US and Gulf countries announce fresh Hezbollah sanctions

It is the first time Nasrallah’s deputy, Naim Qassem, has been singled out for punitive action.
Sunday 20/05/2018
For better or worse. Ali Akbar Velayati (L), top adviser to Iran’s Supreme Leader Ali Khamenei, talks with Lebanon’s Hezbollah Deputy Leader Naim Qassem during a conference in Beirut. (Reuters)
For better or worse. Ali Akbar Velayati (L), top adviser to Iran’s Supreme Leader Ali Khamenei, talks with Lebanon’s Hezbollah Deputy Leader Naim Qassem during a conference in Beirut. (Reuters)

TUNIS - The United States and its Gulf partners have introduced new sanctions on Hezbollah’s leadership just a week after the US withdrawal from the Iran nuclear deal.

Hassan Nasrallah and Naim Qassem, the two top officials of the militant Shia group, were targeted in the third wave of sanctions to be imposed by the US Treasury since the Trump administration pulled out of the agreement.

The new sanctions were imposed jointly with the Gulf-based Terrorist Financing and Targeting Centre (TFTC), which includes Gulf Cooperation Council-member countries.

Among those sanctioned are several key members of Hezbollah’s leadership and the ruling Shura Council, including Mohammed Yazbek, head of  the group’s religious council, Hussein al-Khalil, Nasrallah’s political aide, Ibrahim Amin al-Sayyed, head of the political bureau and Hashem Safieddine, a senior Hezbollah leader and a key member of the organisation’s executive council.

The GCC sanctions included a number of additional figures previously blacklisted by the United States.

“The TFTC again demonstrated its great value to international security by disrupting Iran and Hezbollah’s destabilising influence in the region,” US Treasury Secretary Steven Mnuchin said in a statement. “By targeting Hezbollah’s Shura Council, our nations collectively rejected the false distinction between a so-called ‘Political Wing’ and Hezbollah’s global terrorist plotting.”

The TFTC was formed in spring of 2017 as part of what the US Treasury described as a “collaborative approach to confronting new and evolving threats arising from terrorist financing.”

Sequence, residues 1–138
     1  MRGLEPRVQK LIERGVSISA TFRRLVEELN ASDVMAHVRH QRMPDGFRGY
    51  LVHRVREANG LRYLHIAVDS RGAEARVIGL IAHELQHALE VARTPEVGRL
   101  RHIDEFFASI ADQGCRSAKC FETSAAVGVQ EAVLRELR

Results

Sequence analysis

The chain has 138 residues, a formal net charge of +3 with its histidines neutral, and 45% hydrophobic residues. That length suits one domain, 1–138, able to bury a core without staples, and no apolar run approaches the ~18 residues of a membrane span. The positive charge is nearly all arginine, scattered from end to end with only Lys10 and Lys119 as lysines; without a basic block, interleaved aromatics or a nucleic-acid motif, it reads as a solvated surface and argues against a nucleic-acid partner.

The TFTC launched its first wave of sanctions in October the same year, targeting leaders, financiers and facilitators of the Islamic State in Iraq and Syria in Yemen (ISIS-Y) and al-Qaeda in the Arabian Peninsula.

These latest wave of sanctions stand as a stark regional rebuke to Hezbollah and its international operations, not least its continued involvement in the Syrian civil war.

Nasrallah, Hezbollah’s secretary-general, and his deputy, Qassem, who have been involved in the group since the early 1990s, are both accused of directly overseeing its terrorist activities. Yazbak is likewise accused of supervising Hezbollah training camps and the smuggling of weapons to the group. He is also alleged to have hosted experts from Iran’s Islamic Revolutionary Guard Corps (IRGC) to train Hezbollah fighters on weapons systems. Similarly, al-Khalil is alleged to have been one of several senior Hezbollah commanders who held responsibility for the group’s operations in Europe. Al-Sayyid and Safieddine, both members of Hezbollah’s political council, have served as spokesmen for the group.

“What’s significant about these sanctions in particular is that they target purely political figures. Normally, these kind of measures go after financiers or businessmen, but not this time,” Hanin Ghaddar, a visiting fellow at The Washington Institute told The Arab Weekly. “In real terms, they’re unlikely to make a huge difference. These people don’t have bank accounts, they don’t have credit cards, they don’t travel abroad. However, it sends a powerful message to the business community around Hezbollah; if you support them you will be targeted.

“Similar sanctions were tried two years ago and sent the businessmen around Hezbollah running, but they were never really followed up on, which takes us to where we are today.”

Despite the range of sanctions, Nasrallah is unlikely to be publicly troubled by the new measures imposed against him or the breadth of the bodies doing so. During a television address last year marking the anniversary of Hezbollah’s 2006 war with Israel, he said: “The American administration, with all available and possible means, will not be able to damage the strength of the resistance.”

On May 15, the US Treasury also announced sanctions on Iran’s central bank governor, as well as an Iraq-based bank for allegedly funnelling millions of dollars to the group.

Further sanctions were announced on May 17, with Abdallah Safi al-Din, the group’s representative in Iran, as well as major financier Mohammad Ibrahim Bazzi, plus five of his companies targeted by the US Treasury.

“The savage and depraved acts of one of Hezbollah’s most prominent financiers cannot be tolerated,” Mnuchin said in an additional statement.

“This administration will expose and disrupt Hezbollah and Iranian terror networks at every turn, including those with ties to the Central Bank of Iran,” he said.

The new sanctions come just one week after Hezbollah and its political partners emerged from Lebanon’s elections as one of the preeminent forces within the Lebanese parliament, marking a significant advance for the group and its mission within the region.

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